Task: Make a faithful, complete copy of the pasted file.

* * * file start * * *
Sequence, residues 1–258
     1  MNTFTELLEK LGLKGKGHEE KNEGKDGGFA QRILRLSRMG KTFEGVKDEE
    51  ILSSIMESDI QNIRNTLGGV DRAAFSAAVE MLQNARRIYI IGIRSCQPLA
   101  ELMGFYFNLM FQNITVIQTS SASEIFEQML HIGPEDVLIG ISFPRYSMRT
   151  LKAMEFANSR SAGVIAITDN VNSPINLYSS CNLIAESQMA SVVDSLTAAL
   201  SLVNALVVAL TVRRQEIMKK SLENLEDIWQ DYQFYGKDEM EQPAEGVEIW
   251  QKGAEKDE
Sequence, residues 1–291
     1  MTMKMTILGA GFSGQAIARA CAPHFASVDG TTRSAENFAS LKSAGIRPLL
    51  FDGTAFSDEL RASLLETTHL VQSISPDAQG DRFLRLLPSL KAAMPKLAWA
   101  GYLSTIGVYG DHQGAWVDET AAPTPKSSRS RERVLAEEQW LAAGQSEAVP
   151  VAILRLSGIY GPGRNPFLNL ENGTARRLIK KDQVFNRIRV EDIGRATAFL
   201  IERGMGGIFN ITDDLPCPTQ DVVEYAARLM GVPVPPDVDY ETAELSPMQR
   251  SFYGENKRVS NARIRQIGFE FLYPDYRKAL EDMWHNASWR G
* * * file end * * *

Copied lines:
Sequence, residues 1–258
     1  MNTFTELLEK LGLKGKGHEE KNEGKDGGFA QRILRLSRMG KTFEGVKDEE
    51  ILSSIMESDI QNIRNTLGGV DRAAFSAAVE MLQNARRIYI IGIRSCQPLA
   101  ELMGFYFNLM FQNITVIQTS SASEIFEQML HIGPEDVLIG ISFPRYSMRT
   151  LKAMEFANSR SAGVIAITDN VNSPINLYSS CNLIAESQMA SVVDSLTAAL
   201  SLVNALVVAL TVRRQEIMKK SLENLEDIWQ DYQFYGKDEM EQPAEGVEIW
   251  QKGAEKDE
Sequence, residues 1–291
     1  MTMKMTILGA GFSGQAIARA CAPHFASVDG TTRSAENFAS LKSAGIRPLL
    51  FDGTAFSDEL RASLLETTHL VQSISPDAQG DRFLRLLPSL KAAMPKLAWA
   101  GYLSTIGVYG DHQGAWVDET AAPTPKSSRS RERVLAEEQW LAAGQSEAVP
   151  VAILRLSGIY GPGRNPFLNL ENGTARRLIK KDQVFNRIRV EDIGRATAFL
   201  IERGMGGIFN ITDDLPCPTQ DVVEYAARLM GVPVPPDVDY ETAELSPMQR
   251  SFYGENKRVS NARIRQIGFE FLYPDYRKAL EDMWHNASWR G